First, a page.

Interim Pastor Doug Marshall
When tragedy strikes, when trouble comes, when life disappoints us, we stand at the crossroads between hope and despair, torn and hurting, despair cements us in the present; hope sends us dancing around dark corners trusting in a tomorrow we cannot see. Joan Chittister
Trusting In Turmoil
At some point during the Christmas season I usually read or hear a comment something like this:
Christmas is all about children laughing and having a good time. It’s about family and love. It’s about the joy that God wants us to experience.
I love the energy and joy that kids bring. It is contagious, but I wonder – is that what Christmas is all about, seeing kids have fun? Our world tends to mix together Advent and Christmas, turning the whole month of December into what one author described as “one long, warm fuzzy occasion. It’s a season of light and joy, of presents and good cheer” (12/4/15 Advent Devotional by Trinity School for Ministry). Then we hear stories of shootings and terrorism, and we get offended, as if someone is trying to ruin our wonderful Christmas.
In some Christian traditions they try to keep Christmas and Advent separate. The biblical readings for Advent are typically dark and challenging. I’m not a big fan of that and I don’t think you need to keep Christmas and Advent separate to realize that the Christmas story itself has some very dark overtones.
Think of the Christmas story from Joseph’s perspective. His life didn’t turn out quite the way he had planned. I imagine that when Joseph was a young man he dreamed about marrying a nice, respectable young lady. They would have 4 or 5 sons. Joseph would teach them to be carpenters and they would all work together in the family business. Joseph would retire early and let the sons run the business. He would take in the profits. They would have 2 or 3 daughters who would marry rich farmers. His family would take vacations every year. Maybe they would buy a cabin in the mountains or a condo down at the beach. Maybe they would just go visit his family back in Bethlehem. After he retired Joseph and his wife would play with the grandkids and go on cruises, or buy a motor home and travel around the country. Joseph would be a respected member of the local synagogue.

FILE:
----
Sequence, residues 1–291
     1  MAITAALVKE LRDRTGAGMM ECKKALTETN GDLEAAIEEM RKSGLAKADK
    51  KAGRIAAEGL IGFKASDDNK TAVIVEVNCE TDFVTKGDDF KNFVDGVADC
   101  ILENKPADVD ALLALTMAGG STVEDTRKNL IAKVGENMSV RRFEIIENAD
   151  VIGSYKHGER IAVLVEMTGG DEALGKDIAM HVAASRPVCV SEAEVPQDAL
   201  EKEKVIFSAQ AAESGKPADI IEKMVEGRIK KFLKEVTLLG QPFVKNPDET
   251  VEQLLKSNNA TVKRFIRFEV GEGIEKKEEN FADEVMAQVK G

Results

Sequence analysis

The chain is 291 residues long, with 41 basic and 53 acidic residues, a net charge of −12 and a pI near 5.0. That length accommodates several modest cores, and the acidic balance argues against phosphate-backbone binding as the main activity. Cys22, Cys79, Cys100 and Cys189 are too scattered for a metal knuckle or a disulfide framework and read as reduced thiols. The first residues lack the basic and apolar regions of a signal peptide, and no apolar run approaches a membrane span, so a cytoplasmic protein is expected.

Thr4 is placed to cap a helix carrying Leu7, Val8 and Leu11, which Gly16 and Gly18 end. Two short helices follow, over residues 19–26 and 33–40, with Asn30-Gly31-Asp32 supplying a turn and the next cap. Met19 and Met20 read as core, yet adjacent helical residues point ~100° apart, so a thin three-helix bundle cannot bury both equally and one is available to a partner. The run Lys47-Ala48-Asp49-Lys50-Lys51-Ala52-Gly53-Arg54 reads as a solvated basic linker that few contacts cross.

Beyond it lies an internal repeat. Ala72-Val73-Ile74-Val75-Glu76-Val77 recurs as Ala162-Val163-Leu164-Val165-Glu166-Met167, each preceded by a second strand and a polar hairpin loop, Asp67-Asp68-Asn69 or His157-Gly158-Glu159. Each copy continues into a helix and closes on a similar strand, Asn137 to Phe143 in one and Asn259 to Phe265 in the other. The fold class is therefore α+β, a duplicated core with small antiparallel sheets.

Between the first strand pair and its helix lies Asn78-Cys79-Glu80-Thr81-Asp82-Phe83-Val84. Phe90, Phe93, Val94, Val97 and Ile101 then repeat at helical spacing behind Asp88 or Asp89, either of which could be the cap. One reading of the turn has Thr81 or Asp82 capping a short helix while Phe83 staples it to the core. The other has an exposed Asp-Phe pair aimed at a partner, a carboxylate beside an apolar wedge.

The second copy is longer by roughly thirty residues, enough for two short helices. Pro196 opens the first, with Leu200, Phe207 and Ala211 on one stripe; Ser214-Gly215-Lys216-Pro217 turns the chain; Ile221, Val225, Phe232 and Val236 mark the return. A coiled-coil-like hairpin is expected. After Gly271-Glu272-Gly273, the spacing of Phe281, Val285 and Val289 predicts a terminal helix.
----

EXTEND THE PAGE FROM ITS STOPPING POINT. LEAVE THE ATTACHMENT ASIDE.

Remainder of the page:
Of course, it didn’t happen quite that way, did it? It all started when Mary came up to Joseph one afternoon. “Hey Joe, I went to Walgreens today and bought a pregnancy tester. Guess what?!” Joseph figured he would break the engagement with Mary. He would keep it quiet, but there was no way he could go on. He would start over again and maybe he would still reach his dreams. Then he went to bed and had a really strange dream. An angel spoke to him, telling him to take Mary as his wife and that her son would be Emmanuel and the savior. We’ve heard that story so many times, I wonder if we can begin to imagine the shock that Joseph must have felt. God had not spoken to any of the Israelites for more than 400 years. Now he was speaking, not to a prophet or a priest, but to Joseph. And this was not an easy message to comprehend. What does it mean that the child is conceived from the Holy Spirit? Joseph was just a humble carpenter. How could he be father to the Son of God? Then came the census that forced Joseph and Mary to leave their home, and his business, and go to Bethlehem. Joseph’s world was never the same.
We don’t know what happened to Joseph. In Luke’s gospel, he disappears after the birth stories, before Jesus starts his ministry. In Matthew, after the story of the Wise Men, Joseph and Mary run away to Egypt to save their lives, and Jesus’ life. Then he drops out of the story. I’m convinced that Joseph’s life was filled with turmoil, not only because his dreams were disrupted. The turmoil went deeper. He wondered what in the world God was doing. He wondered why God was doing what he was doing. He probably even wondered if God was doing anything in his life, or if God had abandoned him. The first Christmas was anything but a warm fuzzy occasion. My guess is that as Joseph prepared for the birth of Jesus his life was not filled with peace and joy, but with turmoil.
The same thing is true for many of us. We know what it’s like to have our lives be filled with turmoil. When did this time of year get to be such a chaotic rush? I’m not sure who put together the Flyer about the Advent Dinner and Children’s Program tonight. I love it. In big bold letters – ADVENT: PREPARE. Then behind that:
Baking… Shopping… Christmas Card List… Ornaments… Decorate… Christmas Tree… Outside Decorations… Give Cards… Secret Santa… Clean the House… Prepare Guest Room… Shop for Food… Polish Silver… Coworker Gifts… Wrapping Paper… Gift for the Boss… Arrange Babysitter… Teacher Gifts… Mail Carrier Gift… Family Picture… Dog Grooming… Guest Towels… Christmas Dinner… Elf on the Shelf…